That third act is what elevates the film to the truly great. Once Schultz and Django figure out that Broomhilda has been bought by Calvin Candie (Leonardo DiCaprio), owner of the famed Candie Land plantation, who prefers to be called Monsieur Candie, they come up with a plan to get her back. Candie likes to put on a front of civility, class and enlightenment – and doesn’t understand how being one of the leading purveyors of Mandingo Fighting (slaves fighting slaves to the death) interferes with that. He even treats Django with more respect than he would treat any other black person, because Schultz treats him as an equal, and because he is posing as a “black slaver” himself. But make no mistake, Candie is as vile as creation as Tarantino has ever created – horribly, gleefully racist, and when he figures out that Schultz and Django may be playing him, he becomes even more hateful, and spews even more bile. Yet, despite how evil Candie is, perhaps the real villain of the film is Steven (Samuel L. Jackson), Candie’s most trusted, oldest slave – who laughs at all Candie’s racist jokes, and looks down his nose at Django. Through the course of the movie, Steven does even more to protect his way of life – in which slavery plays a pivotal role. It is no mistake that the makeup job on Jackson makes him look like Uncle Ben. Jackson, who has pretty much been sleepwalking through his roles for the last decade or so, rips into his role as Steven – and makes what could have been a regular Uncle Tom role into something much deeper, darker and more complicated.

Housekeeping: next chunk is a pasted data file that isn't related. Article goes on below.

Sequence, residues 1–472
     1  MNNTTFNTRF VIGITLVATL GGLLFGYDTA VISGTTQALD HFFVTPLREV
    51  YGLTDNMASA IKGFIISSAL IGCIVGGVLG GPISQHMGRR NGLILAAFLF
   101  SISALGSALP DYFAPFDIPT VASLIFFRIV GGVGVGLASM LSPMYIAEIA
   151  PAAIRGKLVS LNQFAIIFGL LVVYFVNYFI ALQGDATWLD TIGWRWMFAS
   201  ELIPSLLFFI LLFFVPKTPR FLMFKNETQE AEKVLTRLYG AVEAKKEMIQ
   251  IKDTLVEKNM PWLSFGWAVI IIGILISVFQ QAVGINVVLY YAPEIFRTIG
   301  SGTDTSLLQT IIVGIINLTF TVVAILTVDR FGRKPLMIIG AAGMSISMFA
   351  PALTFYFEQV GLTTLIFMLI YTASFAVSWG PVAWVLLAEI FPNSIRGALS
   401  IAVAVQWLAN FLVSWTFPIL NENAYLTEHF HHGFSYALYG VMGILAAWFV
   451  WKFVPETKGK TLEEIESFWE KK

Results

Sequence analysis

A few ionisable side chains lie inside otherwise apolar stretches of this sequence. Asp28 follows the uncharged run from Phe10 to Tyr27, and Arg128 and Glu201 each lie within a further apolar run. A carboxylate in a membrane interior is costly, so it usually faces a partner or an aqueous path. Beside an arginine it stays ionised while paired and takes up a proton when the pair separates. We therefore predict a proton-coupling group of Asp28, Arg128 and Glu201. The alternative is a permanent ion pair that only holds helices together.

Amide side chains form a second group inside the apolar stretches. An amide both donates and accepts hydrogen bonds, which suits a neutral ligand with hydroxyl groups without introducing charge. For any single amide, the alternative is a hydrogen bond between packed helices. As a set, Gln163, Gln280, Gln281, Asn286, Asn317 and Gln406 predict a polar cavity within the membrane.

The film has all the hallmarks of a Tarantino film. The films dialogue has a rhythm all its own – from the early scenes of Schultz and his “negotiation” with Django’s owner, to the dinner party scene which is the centerpiece of the third act to a ingenious and hilarious scene in which a bunch of Klan members complain about the lack of visibility in their hoods, no one writes dialogue quite like Tarantino – and no one is better at finding the right actors to deliver that dialogue. The film is also the most violent of Tarantino’s films – blood splatters the wall, the grass, the flowers, the trees and everything else around them every time guns are drawn – which is often.